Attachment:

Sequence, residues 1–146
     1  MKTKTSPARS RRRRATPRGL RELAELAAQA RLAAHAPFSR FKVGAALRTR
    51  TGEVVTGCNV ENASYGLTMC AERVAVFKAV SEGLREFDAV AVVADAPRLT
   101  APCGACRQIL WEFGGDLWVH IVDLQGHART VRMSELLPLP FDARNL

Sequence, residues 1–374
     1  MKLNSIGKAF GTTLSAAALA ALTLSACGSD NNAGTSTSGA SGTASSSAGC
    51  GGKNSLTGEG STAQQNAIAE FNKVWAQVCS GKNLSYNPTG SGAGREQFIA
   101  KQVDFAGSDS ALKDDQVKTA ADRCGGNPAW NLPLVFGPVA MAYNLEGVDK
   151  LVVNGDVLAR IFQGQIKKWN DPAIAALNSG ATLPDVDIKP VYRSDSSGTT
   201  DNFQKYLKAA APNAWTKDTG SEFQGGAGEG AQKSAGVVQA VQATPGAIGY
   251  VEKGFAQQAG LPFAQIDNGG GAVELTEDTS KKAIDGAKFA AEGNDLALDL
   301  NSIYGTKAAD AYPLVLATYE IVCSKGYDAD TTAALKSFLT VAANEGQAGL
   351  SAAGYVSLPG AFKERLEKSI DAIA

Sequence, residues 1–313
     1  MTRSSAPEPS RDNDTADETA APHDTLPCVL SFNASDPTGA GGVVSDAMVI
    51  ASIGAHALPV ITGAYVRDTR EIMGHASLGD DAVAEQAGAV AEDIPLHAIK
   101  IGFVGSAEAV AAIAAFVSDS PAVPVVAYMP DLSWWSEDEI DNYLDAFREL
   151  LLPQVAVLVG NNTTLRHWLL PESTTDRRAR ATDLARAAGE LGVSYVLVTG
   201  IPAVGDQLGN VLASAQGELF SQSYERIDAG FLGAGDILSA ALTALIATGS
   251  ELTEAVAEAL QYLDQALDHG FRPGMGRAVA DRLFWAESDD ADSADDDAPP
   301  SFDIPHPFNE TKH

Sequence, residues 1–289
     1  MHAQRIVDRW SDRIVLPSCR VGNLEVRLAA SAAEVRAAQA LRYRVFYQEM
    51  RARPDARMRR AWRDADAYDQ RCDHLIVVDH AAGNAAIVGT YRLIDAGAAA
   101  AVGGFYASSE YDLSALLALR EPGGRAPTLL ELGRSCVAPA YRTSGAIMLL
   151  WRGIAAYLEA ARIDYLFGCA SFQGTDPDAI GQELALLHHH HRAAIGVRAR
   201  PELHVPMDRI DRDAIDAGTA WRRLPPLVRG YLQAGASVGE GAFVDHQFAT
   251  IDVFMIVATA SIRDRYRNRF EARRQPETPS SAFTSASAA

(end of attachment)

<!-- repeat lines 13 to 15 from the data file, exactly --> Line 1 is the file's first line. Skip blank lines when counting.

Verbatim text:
   351  SAAGYVSLPG AFKERLEKSI DAIA

Sequence, residues 1–313
     1  MTRSSAPEPS RDNDTADETA APHDTLPCVL SFNASDPTGA GGVVSDAMVI